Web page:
There is nothing wrong with pleasure reading. Great fiction and pleasure books can charge up your imagination and create empathy for others. But to read these solely, and ignore educational books, both those in your career field as well as self-improvement non-fiction books is against your own self-interest.
Consider that the majority of daily informational (not pleasure) reading people do is on Facebook, Twitters and blogs (hello!). Consider that newspapers are dying a slow death and that most people read the news article headline that was shared on social media, never actually reading the article. Consider that your co-workers are not reading books in their field, and are therefore not improving. The rest of these people are moving backwards, not forwards, mentally. Most people effectively stop learning after they leave school, and it takes them 40 years to finally announce that fact (“I’m not going to bother learning that, I’m retired”).
Side note: it is actually worse if I’m wrong here. If people are actually reading 12-plus non-fiction, high quality books per year, and you are not, they are surpassing you if you aren’t keeping up. That means your co-workers are going to be promoted over you, your kids won’t get the highest level of care that you could give them, and you will not be as effective in life as your peers.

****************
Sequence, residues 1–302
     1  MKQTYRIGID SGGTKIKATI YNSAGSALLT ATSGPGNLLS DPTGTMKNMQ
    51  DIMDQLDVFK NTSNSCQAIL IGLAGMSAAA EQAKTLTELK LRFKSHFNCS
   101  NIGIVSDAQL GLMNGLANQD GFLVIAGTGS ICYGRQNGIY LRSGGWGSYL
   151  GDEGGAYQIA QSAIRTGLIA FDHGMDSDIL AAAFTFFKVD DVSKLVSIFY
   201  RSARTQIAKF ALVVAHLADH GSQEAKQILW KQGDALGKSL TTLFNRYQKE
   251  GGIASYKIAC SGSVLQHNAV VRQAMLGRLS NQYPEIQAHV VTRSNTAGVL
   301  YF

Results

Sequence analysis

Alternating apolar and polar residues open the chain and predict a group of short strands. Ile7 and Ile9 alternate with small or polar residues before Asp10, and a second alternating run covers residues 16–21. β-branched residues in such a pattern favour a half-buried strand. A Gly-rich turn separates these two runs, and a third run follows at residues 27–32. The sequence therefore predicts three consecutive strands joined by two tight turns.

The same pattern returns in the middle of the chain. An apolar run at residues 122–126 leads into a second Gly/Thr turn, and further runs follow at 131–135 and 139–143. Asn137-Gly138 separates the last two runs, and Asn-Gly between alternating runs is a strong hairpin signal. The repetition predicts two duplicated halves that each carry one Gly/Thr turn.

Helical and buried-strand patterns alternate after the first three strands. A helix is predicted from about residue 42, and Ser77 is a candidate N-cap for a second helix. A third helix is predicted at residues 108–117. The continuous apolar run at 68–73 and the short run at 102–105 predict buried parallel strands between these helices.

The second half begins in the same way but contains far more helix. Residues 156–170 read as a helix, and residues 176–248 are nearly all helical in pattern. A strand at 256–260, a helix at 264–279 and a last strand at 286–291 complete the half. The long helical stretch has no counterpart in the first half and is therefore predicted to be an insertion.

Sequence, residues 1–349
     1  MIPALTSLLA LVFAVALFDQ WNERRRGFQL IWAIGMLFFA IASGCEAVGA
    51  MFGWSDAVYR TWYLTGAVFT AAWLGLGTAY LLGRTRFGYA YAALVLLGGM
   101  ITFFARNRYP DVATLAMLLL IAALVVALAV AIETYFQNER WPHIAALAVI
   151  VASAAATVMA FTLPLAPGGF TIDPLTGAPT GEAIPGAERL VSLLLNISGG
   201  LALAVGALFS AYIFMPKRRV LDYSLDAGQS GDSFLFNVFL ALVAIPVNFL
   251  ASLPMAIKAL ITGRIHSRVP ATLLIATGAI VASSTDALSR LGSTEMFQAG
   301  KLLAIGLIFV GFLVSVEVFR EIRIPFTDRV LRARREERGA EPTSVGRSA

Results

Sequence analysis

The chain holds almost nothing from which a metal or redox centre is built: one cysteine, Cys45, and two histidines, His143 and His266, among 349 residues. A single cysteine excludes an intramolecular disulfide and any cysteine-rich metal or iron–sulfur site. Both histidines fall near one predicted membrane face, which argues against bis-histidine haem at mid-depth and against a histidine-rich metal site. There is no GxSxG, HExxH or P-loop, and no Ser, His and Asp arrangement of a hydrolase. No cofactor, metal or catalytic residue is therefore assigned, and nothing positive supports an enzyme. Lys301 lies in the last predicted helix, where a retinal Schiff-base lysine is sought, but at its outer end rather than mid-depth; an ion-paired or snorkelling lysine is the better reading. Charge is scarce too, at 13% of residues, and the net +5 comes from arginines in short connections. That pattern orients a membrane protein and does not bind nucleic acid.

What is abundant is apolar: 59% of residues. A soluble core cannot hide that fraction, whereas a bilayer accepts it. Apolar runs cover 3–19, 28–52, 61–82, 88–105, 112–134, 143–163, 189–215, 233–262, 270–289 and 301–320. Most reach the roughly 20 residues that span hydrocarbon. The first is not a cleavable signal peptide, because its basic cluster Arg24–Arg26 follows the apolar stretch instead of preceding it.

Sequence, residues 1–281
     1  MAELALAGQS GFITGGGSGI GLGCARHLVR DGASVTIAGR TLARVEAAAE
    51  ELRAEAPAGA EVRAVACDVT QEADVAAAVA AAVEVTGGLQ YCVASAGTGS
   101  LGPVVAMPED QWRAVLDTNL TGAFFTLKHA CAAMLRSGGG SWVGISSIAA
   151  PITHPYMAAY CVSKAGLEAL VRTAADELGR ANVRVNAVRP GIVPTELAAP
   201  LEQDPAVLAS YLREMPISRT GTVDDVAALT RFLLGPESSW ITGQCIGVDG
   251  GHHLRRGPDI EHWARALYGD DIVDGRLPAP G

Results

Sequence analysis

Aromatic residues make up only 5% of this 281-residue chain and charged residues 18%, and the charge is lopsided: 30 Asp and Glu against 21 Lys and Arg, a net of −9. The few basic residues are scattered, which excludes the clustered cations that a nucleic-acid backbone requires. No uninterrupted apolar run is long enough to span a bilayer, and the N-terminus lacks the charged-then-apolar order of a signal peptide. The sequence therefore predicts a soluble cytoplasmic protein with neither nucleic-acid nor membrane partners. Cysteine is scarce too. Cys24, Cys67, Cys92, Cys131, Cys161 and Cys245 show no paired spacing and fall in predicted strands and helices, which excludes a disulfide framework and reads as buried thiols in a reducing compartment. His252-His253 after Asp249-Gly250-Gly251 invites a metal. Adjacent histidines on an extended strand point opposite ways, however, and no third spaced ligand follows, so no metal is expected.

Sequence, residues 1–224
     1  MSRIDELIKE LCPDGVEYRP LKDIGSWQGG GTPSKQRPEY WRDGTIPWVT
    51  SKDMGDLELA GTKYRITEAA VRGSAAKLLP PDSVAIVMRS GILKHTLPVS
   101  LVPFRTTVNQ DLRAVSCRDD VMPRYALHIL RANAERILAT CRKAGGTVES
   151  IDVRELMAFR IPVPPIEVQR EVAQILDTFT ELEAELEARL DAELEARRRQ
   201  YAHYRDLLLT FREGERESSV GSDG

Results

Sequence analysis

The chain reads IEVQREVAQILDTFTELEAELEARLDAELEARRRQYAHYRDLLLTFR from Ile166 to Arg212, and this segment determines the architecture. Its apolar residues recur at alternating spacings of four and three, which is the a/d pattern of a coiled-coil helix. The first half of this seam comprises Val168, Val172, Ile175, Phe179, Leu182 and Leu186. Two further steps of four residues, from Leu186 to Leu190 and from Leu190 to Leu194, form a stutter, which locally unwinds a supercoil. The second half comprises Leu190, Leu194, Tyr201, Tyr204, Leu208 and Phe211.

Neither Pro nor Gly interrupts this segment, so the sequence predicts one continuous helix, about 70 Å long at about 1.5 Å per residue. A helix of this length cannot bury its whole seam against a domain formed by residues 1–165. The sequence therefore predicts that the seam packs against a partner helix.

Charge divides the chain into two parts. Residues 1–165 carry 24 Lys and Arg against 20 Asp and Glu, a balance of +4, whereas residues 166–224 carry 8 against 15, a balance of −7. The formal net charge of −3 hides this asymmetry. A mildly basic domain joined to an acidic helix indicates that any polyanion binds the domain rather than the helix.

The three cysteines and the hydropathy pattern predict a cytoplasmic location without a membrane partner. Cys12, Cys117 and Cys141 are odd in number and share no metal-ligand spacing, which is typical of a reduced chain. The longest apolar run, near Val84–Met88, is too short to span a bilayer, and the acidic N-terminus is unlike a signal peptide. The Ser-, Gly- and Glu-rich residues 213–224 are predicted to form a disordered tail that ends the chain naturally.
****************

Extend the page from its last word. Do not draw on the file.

Here’s a classic example: if you learned that your doctor or lawyer stopped reading critical information about new discoveries, research, and techniques in their fields, would you find a new doctor or lawyer? Yet, aside from the highest performing people we know or read about, most people do not regularly take time each day to upgrade their skills as a person, spouse, employee, parent, friend, etc. Most of us stop learning at a measured pace once we leave school.
You are now responsible for this information
At Home Life Hero, we view the world in the context of our home life, and how everything we ever do in life starts with the choices we make at home. If you are a parent, spouse, or a family member reading this, and you’ve made it this far, you are now responsible. You are responsible for the knowledge that you are, on average, trading the knowledge of 40 non-fiction books per year so that you can listen to music in your car. Even if I have the calculations half-wrong, and you are missing out only on the value of 20 non-fiction books per year, you are still doing yourself, your career, your family a significant disservice by continuing to listen to music in your car.
Music is a luxury, something that you should savor and enjoy with friends and family, live or prerecorded. Music is a downtime/payoff/reward activity. When you are driving in your car alone, you should be upgrading your skills, your brain, your way of thinking, all while your good driving habits take you to work on their own.